]. Analysis of 25 head and neck osteosarcomas demonstrated 88% were positive for Ki-67 [17
]. In a different study, the positive rate of Ki-67 in recurrent osteosarcoma was 81.8% but only 35.5% in the primary tumor [30
]. In addition, Ki-67 positivity is believed one of the risk factors for recurrence in meningiomas. However we observed no association between the Ki-67 labeling index and clinical data. The high proliferative potential of tumor cells as a prognostic factor has given variable results. Some studies described a more favorable outcome for tumors with higher labeling indices [22
]. However, proliferation indices were not correlated with overall outcome for patients with rectal or cervical cancers [5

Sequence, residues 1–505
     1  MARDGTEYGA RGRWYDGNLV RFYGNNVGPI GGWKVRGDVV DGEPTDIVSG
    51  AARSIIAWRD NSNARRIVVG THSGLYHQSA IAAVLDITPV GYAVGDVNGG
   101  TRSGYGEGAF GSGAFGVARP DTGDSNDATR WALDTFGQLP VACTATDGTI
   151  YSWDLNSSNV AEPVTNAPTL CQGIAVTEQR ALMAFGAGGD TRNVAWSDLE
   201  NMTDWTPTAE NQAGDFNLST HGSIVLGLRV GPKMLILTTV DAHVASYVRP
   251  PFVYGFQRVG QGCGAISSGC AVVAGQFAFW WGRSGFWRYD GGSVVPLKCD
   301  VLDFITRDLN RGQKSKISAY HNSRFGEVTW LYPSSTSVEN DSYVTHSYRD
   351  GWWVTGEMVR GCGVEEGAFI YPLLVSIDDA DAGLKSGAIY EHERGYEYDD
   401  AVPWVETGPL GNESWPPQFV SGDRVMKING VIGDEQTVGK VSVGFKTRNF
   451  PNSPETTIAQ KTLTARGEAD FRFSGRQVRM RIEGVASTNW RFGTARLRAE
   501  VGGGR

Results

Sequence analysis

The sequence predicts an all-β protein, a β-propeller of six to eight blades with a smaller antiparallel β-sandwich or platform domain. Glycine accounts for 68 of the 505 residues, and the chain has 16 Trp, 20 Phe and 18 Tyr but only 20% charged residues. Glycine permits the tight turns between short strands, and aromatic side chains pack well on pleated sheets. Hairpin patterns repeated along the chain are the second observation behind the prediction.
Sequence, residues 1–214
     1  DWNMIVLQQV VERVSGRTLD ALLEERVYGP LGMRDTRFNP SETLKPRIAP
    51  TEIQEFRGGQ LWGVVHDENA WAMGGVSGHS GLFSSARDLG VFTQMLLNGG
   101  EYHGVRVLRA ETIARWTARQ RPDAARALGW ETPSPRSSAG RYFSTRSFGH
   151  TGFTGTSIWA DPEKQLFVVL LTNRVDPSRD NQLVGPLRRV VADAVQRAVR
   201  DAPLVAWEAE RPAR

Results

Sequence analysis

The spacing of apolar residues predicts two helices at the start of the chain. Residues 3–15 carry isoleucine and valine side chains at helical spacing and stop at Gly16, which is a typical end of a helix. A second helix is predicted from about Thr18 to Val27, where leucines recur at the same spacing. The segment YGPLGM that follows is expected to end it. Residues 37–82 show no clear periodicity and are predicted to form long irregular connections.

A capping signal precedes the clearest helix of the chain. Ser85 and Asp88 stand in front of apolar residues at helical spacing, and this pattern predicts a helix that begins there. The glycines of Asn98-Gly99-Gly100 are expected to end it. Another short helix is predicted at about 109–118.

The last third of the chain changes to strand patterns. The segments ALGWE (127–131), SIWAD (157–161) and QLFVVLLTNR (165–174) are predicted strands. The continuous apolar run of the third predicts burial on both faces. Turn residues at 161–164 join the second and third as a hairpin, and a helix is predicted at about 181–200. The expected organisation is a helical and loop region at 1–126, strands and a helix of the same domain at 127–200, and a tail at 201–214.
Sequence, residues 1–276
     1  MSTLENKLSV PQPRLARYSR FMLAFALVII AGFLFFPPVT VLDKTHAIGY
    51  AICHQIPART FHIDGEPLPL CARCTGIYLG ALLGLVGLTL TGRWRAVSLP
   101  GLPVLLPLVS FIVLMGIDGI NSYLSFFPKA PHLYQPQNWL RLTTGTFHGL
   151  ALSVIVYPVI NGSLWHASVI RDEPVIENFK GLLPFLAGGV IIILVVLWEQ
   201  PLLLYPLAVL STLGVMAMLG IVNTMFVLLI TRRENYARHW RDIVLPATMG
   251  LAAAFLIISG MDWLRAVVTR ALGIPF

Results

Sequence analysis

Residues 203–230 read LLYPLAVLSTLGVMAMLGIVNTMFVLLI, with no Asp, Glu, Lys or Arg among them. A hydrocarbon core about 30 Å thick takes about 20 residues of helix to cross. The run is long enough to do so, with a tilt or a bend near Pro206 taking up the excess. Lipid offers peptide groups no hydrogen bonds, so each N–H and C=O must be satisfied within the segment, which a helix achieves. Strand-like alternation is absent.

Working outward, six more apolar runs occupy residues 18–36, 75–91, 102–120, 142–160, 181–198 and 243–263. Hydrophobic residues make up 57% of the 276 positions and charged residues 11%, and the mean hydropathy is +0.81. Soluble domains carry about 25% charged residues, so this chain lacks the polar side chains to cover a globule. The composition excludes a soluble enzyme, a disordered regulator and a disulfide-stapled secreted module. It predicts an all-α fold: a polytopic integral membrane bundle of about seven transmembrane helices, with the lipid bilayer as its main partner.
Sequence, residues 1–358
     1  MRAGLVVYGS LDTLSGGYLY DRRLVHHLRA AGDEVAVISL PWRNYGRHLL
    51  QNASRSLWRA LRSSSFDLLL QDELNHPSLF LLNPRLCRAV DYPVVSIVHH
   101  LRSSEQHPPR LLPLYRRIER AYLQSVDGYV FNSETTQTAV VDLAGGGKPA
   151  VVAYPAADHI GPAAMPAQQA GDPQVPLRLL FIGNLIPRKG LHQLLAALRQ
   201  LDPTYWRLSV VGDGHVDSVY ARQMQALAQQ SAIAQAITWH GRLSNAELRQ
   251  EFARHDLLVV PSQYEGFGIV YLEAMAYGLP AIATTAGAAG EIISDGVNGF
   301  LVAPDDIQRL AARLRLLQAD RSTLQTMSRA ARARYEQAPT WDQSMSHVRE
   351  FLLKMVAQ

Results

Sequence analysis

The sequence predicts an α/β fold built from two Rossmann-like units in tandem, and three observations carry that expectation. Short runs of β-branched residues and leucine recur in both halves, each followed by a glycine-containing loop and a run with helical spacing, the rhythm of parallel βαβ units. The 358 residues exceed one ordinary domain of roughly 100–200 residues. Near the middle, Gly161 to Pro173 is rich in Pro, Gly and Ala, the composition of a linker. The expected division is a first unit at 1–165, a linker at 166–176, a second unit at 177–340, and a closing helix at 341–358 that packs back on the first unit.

We examined hypoxia markers in osteosarcoma. HIF-1α is overexpressed in a substantial proportion of patients with metastases, confirming previous work showing this relationship in several other cancers. Previous studies have suggested HIF-1 mediates resistance to chemotherapy and radiation [15
]. Targeting the HIF-1 pathway, therefore, has become an important area for cancer therapy research. Tan et al. [39
] demonstrated inhibition of HIF-1α protein synthesis in several cancer lines including human breast cancer, prostate cancer, and glioblastoma prevented the activation of HIF-1 target genes, such as VEGF and glucose transporter-1. Using small hairpin RNAs to target the expression of the HIF-1α gene in human osteosarcoma cell line SaOS-2, Wu et al. [48